Steve Stone: Lee from Chicago, when the team doesnt go to the playoffs, there really is no reason to have a team MVP. Could they have not made it to the playoffs without Derrek Lee? I think so. Just like you could take anybody off the team and they still would not have made it to the playoffs. I believe he had a wonderful year especially when you factor in that much of the time he didnt have a lot of offensive support around him. But understand, dont assume he will have the same kind of year. Take Derrek back to his average year and you will realize like the Cubs do, you have to add one more solid run producing bat. Where have I heard that before? Oh, thats right, I heard that last year and so they added Milton Bradley and Aaron Miles for a combined total of 35 million dollars. That 35 million dollar obligation netted them for one full season; 45 runs batted in. So I suggest this year when they go out on the market to find a run producer, they actually find one who has averaged more than 50.7 runs batted in his entire career. I know this will surprise you, but Milton Bradley coming into last year averaged 50.7 runs batted in per season. He drove in 40 this year. What in the world made Jim Hendry believe that he was going to be a run producer seeing as the previous nine years he had never been one before. The irony is that when they signed Milton Bradley, less than one year ago, and I said that exact same thing, everybody said I was anti-Cub. I was a bitter former employee; that I was evaluating them for all the wrong reasons. I think it has born out over the course of the year that that particular assessment turned out to be fairly accurate. I hope Milton has a lot of luck with whatever team has the courage to take him on along with his 21 million dollars remaining in the two years he has left on his contract.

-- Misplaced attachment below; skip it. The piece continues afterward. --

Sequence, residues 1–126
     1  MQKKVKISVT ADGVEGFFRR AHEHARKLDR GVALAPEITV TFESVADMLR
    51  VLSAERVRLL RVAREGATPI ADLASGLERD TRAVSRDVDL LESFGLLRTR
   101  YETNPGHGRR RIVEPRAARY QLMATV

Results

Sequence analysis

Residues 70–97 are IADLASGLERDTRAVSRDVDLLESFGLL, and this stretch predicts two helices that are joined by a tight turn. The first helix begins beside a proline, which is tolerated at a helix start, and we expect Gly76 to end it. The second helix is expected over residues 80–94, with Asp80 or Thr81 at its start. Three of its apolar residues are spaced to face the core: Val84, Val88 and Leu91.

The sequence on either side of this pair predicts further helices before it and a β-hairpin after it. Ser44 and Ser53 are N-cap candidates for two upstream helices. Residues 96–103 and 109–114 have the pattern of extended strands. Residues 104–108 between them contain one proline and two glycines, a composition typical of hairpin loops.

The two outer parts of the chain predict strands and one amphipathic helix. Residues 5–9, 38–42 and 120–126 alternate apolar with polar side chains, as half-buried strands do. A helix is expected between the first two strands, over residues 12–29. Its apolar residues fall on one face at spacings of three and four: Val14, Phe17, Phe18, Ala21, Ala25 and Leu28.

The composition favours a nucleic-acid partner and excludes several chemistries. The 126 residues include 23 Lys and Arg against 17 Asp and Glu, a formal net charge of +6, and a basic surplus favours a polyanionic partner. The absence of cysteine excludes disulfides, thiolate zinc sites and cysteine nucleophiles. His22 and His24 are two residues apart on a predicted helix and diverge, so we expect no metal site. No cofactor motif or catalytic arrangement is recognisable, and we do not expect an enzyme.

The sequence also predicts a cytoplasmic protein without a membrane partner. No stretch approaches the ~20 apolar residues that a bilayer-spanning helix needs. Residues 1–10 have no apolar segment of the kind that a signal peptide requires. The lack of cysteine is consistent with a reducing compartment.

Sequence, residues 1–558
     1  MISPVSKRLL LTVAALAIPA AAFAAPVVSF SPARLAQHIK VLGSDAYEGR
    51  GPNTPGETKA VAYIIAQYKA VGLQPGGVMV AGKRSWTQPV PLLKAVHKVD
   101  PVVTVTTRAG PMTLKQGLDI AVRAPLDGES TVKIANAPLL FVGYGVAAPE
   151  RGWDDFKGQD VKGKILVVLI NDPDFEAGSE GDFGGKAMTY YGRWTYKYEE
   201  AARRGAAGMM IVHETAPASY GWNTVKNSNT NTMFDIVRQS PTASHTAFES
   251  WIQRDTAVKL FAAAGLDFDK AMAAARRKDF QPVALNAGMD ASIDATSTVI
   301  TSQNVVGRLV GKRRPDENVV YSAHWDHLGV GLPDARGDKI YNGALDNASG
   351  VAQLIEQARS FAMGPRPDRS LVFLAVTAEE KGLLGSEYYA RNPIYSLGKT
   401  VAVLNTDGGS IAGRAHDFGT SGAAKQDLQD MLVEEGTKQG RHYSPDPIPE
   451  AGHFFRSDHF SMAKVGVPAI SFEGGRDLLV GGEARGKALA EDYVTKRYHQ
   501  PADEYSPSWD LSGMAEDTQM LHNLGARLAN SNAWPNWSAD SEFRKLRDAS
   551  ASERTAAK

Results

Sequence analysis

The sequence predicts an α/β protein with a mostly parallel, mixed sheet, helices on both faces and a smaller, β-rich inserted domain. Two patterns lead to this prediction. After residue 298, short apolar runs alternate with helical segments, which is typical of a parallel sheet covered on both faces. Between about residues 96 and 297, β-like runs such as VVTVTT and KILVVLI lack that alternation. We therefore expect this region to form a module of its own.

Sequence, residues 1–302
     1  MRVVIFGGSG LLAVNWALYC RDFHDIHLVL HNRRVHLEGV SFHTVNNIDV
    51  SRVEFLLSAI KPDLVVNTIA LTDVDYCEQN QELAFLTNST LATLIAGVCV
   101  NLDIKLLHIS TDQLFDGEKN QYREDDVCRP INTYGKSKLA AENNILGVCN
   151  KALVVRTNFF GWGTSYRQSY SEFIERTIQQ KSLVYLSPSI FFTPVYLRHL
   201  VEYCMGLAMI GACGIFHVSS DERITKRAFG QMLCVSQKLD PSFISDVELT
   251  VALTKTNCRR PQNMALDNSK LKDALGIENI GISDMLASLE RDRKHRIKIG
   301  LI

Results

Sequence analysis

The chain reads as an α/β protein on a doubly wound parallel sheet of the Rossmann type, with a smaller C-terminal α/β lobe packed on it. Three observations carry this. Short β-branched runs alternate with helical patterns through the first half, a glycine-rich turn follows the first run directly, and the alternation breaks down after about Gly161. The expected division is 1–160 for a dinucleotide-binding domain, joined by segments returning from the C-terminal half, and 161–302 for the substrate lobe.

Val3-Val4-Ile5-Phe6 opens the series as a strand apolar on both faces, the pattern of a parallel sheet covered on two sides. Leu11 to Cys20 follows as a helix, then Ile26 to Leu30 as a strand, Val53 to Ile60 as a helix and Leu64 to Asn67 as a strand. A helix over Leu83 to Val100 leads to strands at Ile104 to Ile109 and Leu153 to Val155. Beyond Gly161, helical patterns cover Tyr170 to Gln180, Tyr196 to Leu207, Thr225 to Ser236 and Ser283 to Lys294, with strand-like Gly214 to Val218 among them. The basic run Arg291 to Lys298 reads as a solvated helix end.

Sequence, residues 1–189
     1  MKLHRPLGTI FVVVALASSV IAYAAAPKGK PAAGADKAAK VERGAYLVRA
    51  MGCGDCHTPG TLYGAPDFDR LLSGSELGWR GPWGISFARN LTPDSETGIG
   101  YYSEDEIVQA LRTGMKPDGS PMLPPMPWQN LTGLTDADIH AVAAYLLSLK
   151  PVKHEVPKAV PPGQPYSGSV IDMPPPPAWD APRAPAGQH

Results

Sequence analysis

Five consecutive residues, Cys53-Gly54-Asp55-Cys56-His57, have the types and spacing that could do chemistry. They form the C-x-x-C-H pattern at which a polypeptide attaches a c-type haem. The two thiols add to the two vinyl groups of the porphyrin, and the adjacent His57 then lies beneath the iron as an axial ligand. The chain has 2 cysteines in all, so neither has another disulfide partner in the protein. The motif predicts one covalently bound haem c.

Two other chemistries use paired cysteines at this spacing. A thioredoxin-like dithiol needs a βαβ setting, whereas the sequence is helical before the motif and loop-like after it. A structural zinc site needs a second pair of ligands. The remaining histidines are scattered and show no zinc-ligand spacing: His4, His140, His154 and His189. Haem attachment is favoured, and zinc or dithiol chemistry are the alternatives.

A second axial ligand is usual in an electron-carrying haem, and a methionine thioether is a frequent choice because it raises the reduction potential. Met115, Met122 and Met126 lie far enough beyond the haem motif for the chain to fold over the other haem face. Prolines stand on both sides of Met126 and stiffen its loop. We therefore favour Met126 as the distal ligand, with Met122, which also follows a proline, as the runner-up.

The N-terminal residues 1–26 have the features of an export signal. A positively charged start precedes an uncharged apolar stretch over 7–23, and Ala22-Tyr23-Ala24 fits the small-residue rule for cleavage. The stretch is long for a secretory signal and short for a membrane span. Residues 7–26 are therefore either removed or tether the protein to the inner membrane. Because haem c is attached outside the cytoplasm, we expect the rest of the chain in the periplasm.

Question from Allen, Chicago, IL: Who do you think will win the ALNL Cy Young Award? Im going with Zack Greinke.

Steve Stone: Allen in Chicago I am thinking Chris Carpenter and Zach Greinke. The question is who do you have for MVP? I am thinking a tight race between Joe Mauer, Mark Teixiera and Derek Jeter. My vote would go to Derek Jeter however Joe Mauer will probably win it. In the National League, its Albert Puljos and nobodys in second place. Manager of the year, National League, Jim Tracy, Colorado Rockies. American League, Joe Girardi, New York Yankees although Ron Gardiner will probably win it. I also believe that Mike Scioscia should be in line for kudos and might sneak in there because what he had to deal with, all the injuries, the death of Adenheart and all the challenges. But in a four team division, when the other teams arent that good, it's not that difficult to win. I just think that Mike is one of the best around. Executive of the year, National League Mozeliak. St. Louis Cardinals, looking eye to eye with the Chicago Cubs, Mozeliak added Matt Halladay, Mark DeRosa, and Julio Lugo. Jim Hendry added John Grebo, Jeff Baker and Tom Gorzelanny. Enough said. American league Executive of the year its easy when you have an open checkbook and you can spend 429 million dollars but you still have to respect Bryan Cashman for the addition of CC Sabathia, AJ Burnett and Mark Teixiera. It is one thing to talk about it, as so many other teams did, its another thing to get them. Couple that with the trade for Nick Swisher, turning out to be a very good one and Brian Cashman becomes the American League executive of the year. Rookie of the year in the National League I would say Tommy Hanson of the Atlanta Braves although I am probably leaving out many good candidates but I am partial to pitchers and though I would love to say Gordon Beckham, I would say Rick Porcello of the Tigers will probably win rookie of the year. At 20 years old, what he did was absolutely remarkable.

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Why Cubs might not lose again and other musings in strange, short season

Why Cubs might not lose again and other musings in strange, short season